The importance of your online presence today makes deciding which platform to use to build, update and run your website a difficult decision.
But it’s a decision every business owner needs to make. And changing platforms at a later date can be both expensive and time consuming, putting even more pressure on businesses to make the right choice first time round.
If you’ve been in the digital game over the last two decades, you’ve probably heard of WordPress – a free and open-source content management system written in PHP. 36% of websites are built in WordPress, making it the world’s most popular CMS.
The newer kid on the block, created in 2013, is Webflow. This cloud-based web design tool, CMS and hosting platform lets anyone build a beautiful website without the need for coding skills or knowledge.
But which is the right choice?
In this blog, we compare these two popular CMS solutions, and outline why we think Webflow is the best way forward for your business’s website design – and why we’ve selected it as the platform for our own website here at P+S.
Unlike other ‘website builder’ platforms such as Squarespace and Wix, Webflow’s advantage is that it’s highly customisable. You aren’t limited to templates, yet you can still use an intuitive ‘drag and drop’ style editor, similar to those more beginner-style platforms.
Essentially, if you’re someone who wants to custom build your own site without worrying about the back-end and hosting, Webflow is a dream. But for someone who doesn’t have any understanding of CSS and HTML, it could be more difficult than tackling customisation on WordPress, especially at first.
With WordPress, you’re mostly locked into your default page template style, and if you want to change something – for example, what fields you plug in for a post – you’ll either need to re-code the template file, get a new template coded, or add a plugin.When using Webflow, you can just add whichever new CMS fields you want, and then customise how it’s presented on the front-end.
Let’s say you want to change how your footer is laid out and displayed in WordPress. You have a few options for changing it. The first, is you can hope your theme lets you manipulate your footer the way you want to. If it doesn’t, you either need to know enough PHP and CSS to edit it, or you need to get a new theme – not exactly a user-friendly process. Additionally, the WordPress CMS dashboard also provides lots of options that are irrelevant to most clients, and also lacks on-page editing functionality.
Webflow’s CMS is extremely user-friendly, with simple on-page editing and minimal dashboard UI. Making changes only requires a few minutes of drag-and-drop adjustments or copying over elements from other public Webflow projects.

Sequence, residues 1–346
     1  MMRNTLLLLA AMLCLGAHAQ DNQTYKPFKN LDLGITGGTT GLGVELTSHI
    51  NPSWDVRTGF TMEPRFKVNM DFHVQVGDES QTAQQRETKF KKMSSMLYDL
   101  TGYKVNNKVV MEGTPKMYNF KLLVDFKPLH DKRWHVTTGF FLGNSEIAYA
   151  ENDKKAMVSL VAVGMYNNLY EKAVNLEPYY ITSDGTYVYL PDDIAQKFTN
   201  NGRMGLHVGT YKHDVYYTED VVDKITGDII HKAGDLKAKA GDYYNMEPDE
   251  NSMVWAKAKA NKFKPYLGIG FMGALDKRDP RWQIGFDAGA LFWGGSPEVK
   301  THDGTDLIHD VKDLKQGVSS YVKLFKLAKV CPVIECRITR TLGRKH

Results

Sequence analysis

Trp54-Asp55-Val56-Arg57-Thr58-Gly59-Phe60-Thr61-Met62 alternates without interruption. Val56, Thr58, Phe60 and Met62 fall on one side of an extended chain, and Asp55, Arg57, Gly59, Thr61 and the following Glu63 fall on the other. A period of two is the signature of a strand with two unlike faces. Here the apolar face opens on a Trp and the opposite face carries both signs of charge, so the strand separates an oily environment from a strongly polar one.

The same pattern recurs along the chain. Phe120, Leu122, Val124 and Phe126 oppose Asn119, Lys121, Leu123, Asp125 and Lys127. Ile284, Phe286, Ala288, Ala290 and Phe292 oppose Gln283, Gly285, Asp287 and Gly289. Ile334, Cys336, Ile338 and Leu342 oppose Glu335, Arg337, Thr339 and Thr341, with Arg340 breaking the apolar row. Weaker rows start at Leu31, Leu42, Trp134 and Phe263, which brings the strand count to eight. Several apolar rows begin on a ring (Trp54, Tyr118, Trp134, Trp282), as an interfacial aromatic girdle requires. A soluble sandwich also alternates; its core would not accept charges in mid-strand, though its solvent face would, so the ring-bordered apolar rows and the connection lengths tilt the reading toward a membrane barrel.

On Webflow, you also have full control over the site structure and content. You can change anything you want, and do so easily – and with a small team.
WordPress sites can be slow unless you make a very deliberate effort to clean them up regularly.All of the plugins, tools and messy theme files can quickly add up, meaning the code behind your site quickly gets bloated.
Webflow, however, translates visual designs into clean, semantic, production-ready code, making a huge difference to the maintenance of your site, as well as increasing its speed and the ease of any updates.
With more than a third of the world’s websites ‘powered by WordPress’, the brand has almost outgrown its own capacity, in that there are no responsive support teams to help if you’re having technical difficulties. If you’re unsure of how to complete an action, or stuck with an error, the support system is largely community-driven.Speaking from our own experience, WordPress isn’t alone in this problem – in fact, we’ve found support from most managed hosting services to be lacklustre.
When it came to building our own new site, Webflow’s support system was fantastic. They’ve responded to most of our little questions quickly and helpfully, and their forums are packed with tips and tricks for figuring out how to get around any challenges we’ve run into. The university section of the site is also extremely helpful for learning all you need to know.
Both platforms do offer free SSL – the digital certificate which provides authentication for your site. Webflow’s security offering is also backed by constant threat monitoring, while WordPress sites have developed a reputation for security vulnerabilities when not properly maintained.
When it comes to being found online, there are a number of ways to make your website more visible to search engines. Webflow has fully customisable SEO settings which are easy to setup. Sites built on Webflow have the advantage of being built for the modern internet: the platform is younger and has been designed with more recent digital developments in mind. For example, search engines increase your ranking and visibility for offering mobile-friendly design and performance, with Webflow providing just that.
WordPress SEO settings are also easily customisable, but only through the use of a plugin, so you’ll need to be sure you know how to configure it.
Webflow has client billing built right in, allowing for easy collaboration between design and content. WordPress also has great built-in editorial collaboration, but no native billing support.
Overall, we’ve been so impressed with Webflow that we decided to use it for our own site.
We selected Webflow for two main reasons: creativity and speed. We wanted CMS that could offer us complete freedom and control. As a creative company, we didn’t want to be limited by functionality or availability within our own team. Instead, we wanted to keep our web design and development team lean, making Webflow the perfect choice for us.
Want to find out more about our website design capabilities here at P+S, and what platform would be right for your business? Get in touch with us today, at [email protected].
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